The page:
The Friedman Foundation for Educational Choice

Advancing Milton and Rose D. Friedman's Vision of School Choice for All Children

Public Rules on Private Schools: Measuring the Regulatory Impact of State Statutes and School Choice Programs

Released: 5/30/2014

Author(s): Andrew D. Catt

Is regulatory creep a fate that awaits all school choice programs? With the number of those programs doubling over the past five years, the need for context and understanding is critical.
 
This report provides a framework for understanding the impacts of state government statutes regulating private schools, regulations distinct to a given school choice program, and any regulatory growth over a program’s lifespan. Examining school choice programs in operation for at least a few years provides important context and comparisons for policymakers considering additional regulations on current programs, as well as for school choice advocates pursuing new or expanded programs.
 
 
In recent years, several scholars have conducted research on private school regulations, in each case breaking new ground for observations. However, those researchers limited their scope to cross-sectional treatments of the regulatory environment at a single point in time—analytical snapshots—which do not show where regulations started and how those statutes got to where they are today.
 
This project establishes a database created specifically to track and evaluate state statutes regulating private schools before and after the enactments of 23 school choice programs in 12 states. The database contains not only the current state statutes applying to private schools in those states but also earlier versions of each state’s private school statutes as they existed before the enactment of the private school choice programs (“Pre-Choice”). The 355 Pre-Choice regulations represent nearly 62 percent of the 575 total regulations examined for this project, including 130 regulations in the first year of the programs’ implementation (“Year 1”) and 90 regulations in the following years (“Years 2+”) (see table below).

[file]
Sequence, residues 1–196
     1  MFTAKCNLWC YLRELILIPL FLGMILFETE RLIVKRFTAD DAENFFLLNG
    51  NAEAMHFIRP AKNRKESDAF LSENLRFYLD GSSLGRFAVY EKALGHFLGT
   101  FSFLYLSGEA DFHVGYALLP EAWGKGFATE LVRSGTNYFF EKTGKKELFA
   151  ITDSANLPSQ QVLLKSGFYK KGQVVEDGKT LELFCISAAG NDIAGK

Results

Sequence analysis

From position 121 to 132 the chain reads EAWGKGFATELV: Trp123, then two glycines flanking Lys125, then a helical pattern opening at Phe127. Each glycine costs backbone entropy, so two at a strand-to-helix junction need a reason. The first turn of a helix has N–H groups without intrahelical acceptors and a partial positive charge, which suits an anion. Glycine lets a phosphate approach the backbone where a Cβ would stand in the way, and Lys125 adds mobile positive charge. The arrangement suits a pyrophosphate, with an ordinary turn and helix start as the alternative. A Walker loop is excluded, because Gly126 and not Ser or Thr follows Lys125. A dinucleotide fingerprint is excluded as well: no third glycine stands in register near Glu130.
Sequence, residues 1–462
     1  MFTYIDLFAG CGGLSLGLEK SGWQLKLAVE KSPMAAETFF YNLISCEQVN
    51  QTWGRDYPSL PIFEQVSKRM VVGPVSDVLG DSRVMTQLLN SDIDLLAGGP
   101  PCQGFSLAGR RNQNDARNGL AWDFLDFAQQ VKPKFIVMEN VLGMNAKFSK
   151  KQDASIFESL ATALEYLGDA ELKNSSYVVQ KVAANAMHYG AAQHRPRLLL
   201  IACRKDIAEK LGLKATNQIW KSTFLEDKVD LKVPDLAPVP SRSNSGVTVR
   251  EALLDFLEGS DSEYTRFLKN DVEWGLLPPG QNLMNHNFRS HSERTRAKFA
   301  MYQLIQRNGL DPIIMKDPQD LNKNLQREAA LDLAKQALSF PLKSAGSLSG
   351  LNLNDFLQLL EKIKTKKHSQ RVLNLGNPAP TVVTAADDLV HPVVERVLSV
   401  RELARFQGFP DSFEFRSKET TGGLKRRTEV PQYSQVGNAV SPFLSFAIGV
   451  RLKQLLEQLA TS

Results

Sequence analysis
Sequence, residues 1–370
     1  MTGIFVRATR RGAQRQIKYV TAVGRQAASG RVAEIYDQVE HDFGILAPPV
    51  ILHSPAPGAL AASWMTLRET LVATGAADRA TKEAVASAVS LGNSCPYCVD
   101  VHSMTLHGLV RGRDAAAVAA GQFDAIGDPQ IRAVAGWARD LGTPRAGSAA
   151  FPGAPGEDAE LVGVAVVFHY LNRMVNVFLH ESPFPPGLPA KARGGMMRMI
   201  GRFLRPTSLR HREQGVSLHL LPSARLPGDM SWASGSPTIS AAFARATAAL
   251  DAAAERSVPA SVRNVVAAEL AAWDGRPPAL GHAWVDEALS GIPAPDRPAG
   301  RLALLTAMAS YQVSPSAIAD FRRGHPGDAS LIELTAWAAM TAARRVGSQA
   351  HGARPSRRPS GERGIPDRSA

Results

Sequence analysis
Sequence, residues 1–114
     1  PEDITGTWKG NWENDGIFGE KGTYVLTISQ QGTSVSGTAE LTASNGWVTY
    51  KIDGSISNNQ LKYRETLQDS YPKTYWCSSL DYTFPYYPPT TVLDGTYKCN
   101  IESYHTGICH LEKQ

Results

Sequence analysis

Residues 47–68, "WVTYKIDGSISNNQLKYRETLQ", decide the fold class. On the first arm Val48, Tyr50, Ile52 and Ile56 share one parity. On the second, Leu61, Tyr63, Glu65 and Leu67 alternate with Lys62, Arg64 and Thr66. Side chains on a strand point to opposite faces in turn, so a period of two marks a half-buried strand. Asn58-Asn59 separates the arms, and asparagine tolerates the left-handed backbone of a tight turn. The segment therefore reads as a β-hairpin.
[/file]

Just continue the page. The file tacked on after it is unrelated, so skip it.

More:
The author attempts to address several core questions:
  • How do the regulatory environments before the enactment of private school choice programs compare to the regulatory environments brought about by those programs?
  • To what extent do private school choice programs change the existing relationship between state governments and private schools?
  • What types of regulations burden private schools the most? Has the nature of the regulatory burden changed over time?
This report proposes a new way to measure and evaluate private school regulations. As part of this project, a new rating scale was created that qualitatively assigns an “impact score” (ranging between -3 and +3) to each regulation within the relevant statute and its subparts. That symmetric scale is applied uniformly across all categories of private school regulations, with an eye toward minimizing subjectivity and arbitrary scoring as much as possible.

Because this report provides important context and comparisons for policymakers considering regulatory frameworks for new and current programs, a set of policy recommendations and considerations are provided:
  • Avoid reinventing the wheel by establishing empirically-driven thresholds and see if the private school sector is already meeting those thresholds before determining if any additional regulation is necessary.
  • Ensure a recommended regulation is not already in place for private schools and, if there are some already in place with similar objectives, consider any overlap.
  • Take into account the oversight roles of accreditation agencies and associations to see if there is some measure of oversight and accountability already in place.
  • Consider legislatively mandated costs to private schools in fiscal impact calculations.
  • Ensure all schools, regardless of type or sector, can be reimbursed for substantial costs associated with regulations.

Programs

Autism Scholarship Program

Enacted 2003 • Launched 2004

Ohio students on the autism spectrum may receive vouchers for education services from a private provider, including tuition at a private school. After participating students receive education services, they apply to the state for reimbursement of expenses.

Carson Smith Special Needs Scholarship Program

Enacted 2005 • Launched 2005

Most Utah students who have disabilities are eligible to receive vouchers to attend private school. However, participation is limited by the amount of money appropriated to the $3.75 million program fund.

Choice Scholarship Program

Enacted 2011 • Launched 2011

Indiana’s Choice Scholarship Program allows students in low- and middle-income families to receive vouchers to attend private school.

Cleveland Scholarship & Tutoring Program

Enacted 1995 • Launched 1996

Parents in the Cleveland Metropolitan School District can receive vouchers to send their children to private school or public schools bordering the school district. No more than half of new recipients may be students previously enrolled in private schools.